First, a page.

A tasty way to start the meal.

A tasty way to start the meal.

We began with a selection of breads, opting for the rosemary and sea salt, which was warm, fresh and delicious. Savory.

Now for lunch, they offer a two or three course version. We had dinner plans lined up for later in the evening, and although the dessert course looked very promising (the hot marmalade pudding is apparently the stuff of legend and rumor), we opted for the two course version to start with the option to expand to a third. The two course lunch clocked in at a little less than £30 each, and I opted for a single glass of Pinot Noir as well.

Far more there than meets the eye.

Far more there than meets the eye.

My first course was an Isle of Skye shellfish bree. The maitre d’ explained that this consisted of whatever is freshly caught essentially “down the way.” As was previously mentioned, Skye is unspoiled, so it is quite easy to fathom that these folks still can practically pluck fresh shellfish out of the sea.

The soup, then, was fresh and hot, with a slight fishy (but in good way) quality. The dash of dill set off the flavors. Occasionally you’d be favored with a chunky bit of perhaps lobster meat, but a bite-sized chunk – don’t think you’ll be pulling whole claws out of it. The bree was a kind of chowder, with a heft, a stick-to-your-ribs affair. Frankly I was a bit concerned about having enough room for my main after the bree, since I’d had a late breakfast a short while earlier.

The florie was equally fresh and delicious.

The florie was equally fresh and delicious.

The missus ordered the florie, which is a kind of cream cheese. It was served with notes of blackberry and onion. Flavorwise, it reminded me of how you might serve caviar with creme fraiche and chopped onion, sans the caviar.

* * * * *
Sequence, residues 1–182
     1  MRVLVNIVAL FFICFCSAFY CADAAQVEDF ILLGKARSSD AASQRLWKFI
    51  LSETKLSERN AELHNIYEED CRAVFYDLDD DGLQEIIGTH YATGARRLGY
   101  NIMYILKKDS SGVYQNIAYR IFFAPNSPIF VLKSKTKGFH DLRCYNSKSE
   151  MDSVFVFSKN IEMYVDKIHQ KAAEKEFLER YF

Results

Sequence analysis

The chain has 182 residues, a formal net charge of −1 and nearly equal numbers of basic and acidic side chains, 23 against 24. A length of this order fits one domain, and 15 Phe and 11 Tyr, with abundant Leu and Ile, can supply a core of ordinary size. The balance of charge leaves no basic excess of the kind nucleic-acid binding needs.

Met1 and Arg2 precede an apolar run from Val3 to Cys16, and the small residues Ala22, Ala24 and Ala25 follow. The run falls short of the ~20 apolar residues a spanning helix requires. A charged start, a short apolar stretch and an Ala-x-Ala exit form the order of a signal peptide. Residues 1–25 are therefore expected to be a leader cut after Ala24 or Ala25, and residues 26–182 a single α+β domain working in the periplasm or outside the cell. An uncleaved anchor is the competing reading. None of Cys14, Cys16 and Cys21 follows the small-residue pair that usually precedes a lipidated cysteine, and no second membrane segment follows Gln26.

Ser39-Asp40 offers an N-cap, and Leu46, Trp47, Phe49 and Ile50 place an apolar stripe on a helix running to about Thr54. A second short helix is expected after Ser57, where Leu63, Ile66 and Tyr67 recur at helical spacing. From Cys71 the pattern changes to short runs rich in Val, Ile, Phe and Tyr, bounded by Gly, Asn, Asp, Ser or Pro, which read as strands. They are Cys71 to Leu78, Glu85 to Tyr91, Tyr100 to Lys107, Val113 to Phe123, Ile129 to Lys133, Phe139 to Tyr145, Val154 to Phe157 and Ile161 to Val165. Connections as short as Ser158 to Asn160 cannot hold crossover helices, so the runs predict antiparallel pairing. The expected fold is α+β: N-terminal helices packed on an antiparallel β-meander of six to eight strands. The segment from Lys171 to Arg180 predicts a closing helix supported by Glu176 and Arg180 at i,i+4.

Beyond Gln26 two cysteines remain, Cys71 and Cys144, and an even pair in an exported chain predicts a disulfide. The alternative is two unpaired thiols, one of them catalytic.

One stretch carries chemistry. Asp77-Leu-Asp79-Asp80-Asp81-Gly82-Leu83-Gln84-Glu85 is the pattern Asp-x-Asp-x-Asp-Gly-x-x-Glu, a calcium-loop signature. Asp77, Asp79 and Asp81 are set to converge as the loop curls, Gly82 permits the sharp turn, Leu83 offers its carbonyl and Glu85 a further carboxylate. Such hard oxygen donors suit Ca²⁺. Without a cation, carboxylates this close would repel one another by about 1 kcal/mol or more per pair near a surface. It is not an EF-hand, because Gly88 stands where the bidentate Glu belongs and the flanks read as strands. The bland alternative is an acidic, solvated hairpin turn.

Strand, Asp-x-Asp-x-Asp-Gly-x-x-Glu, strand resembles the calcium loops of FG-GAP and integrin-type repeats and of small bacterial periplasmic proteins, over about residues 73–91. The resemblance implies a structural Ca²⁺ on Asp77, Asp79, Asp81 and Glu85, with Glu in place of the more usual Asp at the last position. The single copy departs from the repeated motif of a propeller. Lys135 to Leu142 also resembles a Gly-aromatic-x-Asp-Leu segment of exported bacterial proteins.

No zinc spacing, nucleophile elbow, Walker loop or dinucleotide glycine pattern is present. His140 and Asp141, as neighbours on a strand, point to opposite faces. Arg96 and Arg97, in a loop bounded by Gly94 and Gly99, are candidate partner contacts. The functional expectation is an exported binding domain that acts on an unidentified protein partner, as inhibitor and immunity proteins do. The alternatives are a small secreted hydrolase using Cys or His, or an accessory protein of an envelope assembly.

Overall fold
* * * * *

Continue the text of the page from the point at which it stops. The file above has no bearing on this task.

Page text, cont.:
Oh my... .

Oh my… .

That may look like a small plate of venison, but boy oh boy it was more than enough. For the main it was two preparations of venison, saddle and haunch, with fresh mushrooms and berries. The mushrooms were again plucked from their back yard, essentially.

The venison saddle, I believe, was prepared in the medallion form. The haunch, however, was slow cooked into a near brisket-like texture. The richness of the mushrooms, the gamey note of the venison, the depth of flavor in the brisket-like preparation, all of those wonderful flavors popped against the succulence of the berries… . What was it like? It was like biting into a forest that has a fresh breeze blowing through it. It was like eating Autumn.

If Scotland had its own contemporary king, this is what would be served in his court. It was insanely delicious.

I don’t know much about traditional Scottish fare. I suppose they are best known for smoked fish and haggis. But I think of this as 100% pure straight Scottish fare taken to the bazillionth level. Everything was so fresh having come from “just over there,” the preparation so expert… the whole meal was completely unlike any I’d had at any other fine dining experience anywhere else. It was an utterly memorable and delicious experience.

On balance, I’d say it was one of the best meals I’ve ever had, because the whole package is so remarkable. The food, getting there, Skye itself. Put it all together, magic. Heck, each one of those ingredients is magic in itself. Combined, it is the stuff of life.

So I guess what I’d say is if you win the lottery, or are a mogul, or have the ability to do whatever you want, I’d probably add this place as a “must go” to your bucket list. Again, the total experience, especially for a cityfied native New Yorker, was utterly exceptional – as was the food. I highly, highly recommend it. It would be ridiculous to go all the way to Skye and not eat here.

Three Chimneys Restaurant

Colbost
Dunvegan
Isle of Skye
IV55 8ZT
+44 (0)1470 511258
www.threechimneys.co.uk
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3 Comments leave one →
  1. September 24, 2013 12:03 pm

    Great post. I love Scotland, been there 4 times.

    Your Gaelic needs work however. The correct phrase for your “Me like eat” I believe would be “Is toil leam ag ithe” (iss TOLL-lum uck-EEhuh). The word “Mar” does not mean “to like” as in “to enjoy,” but rather the word “like” as in “such as”. “Rudegin mar sin” means “something like this,” for example.

    Better Gaidhlig scholars may wish to further improve this translation.

    So A+ for the post, D- for Gaidhlig studies.

    😉

  2. September 24, 2013 12:04 pm

    note – “Rudegin mar sin” would be pronounced “ROOTekin mar SHIN.”

    • September 24, 2013 3:41 pm

      Gesundheit! More seriously, your Gaelic corrections are much appreciated.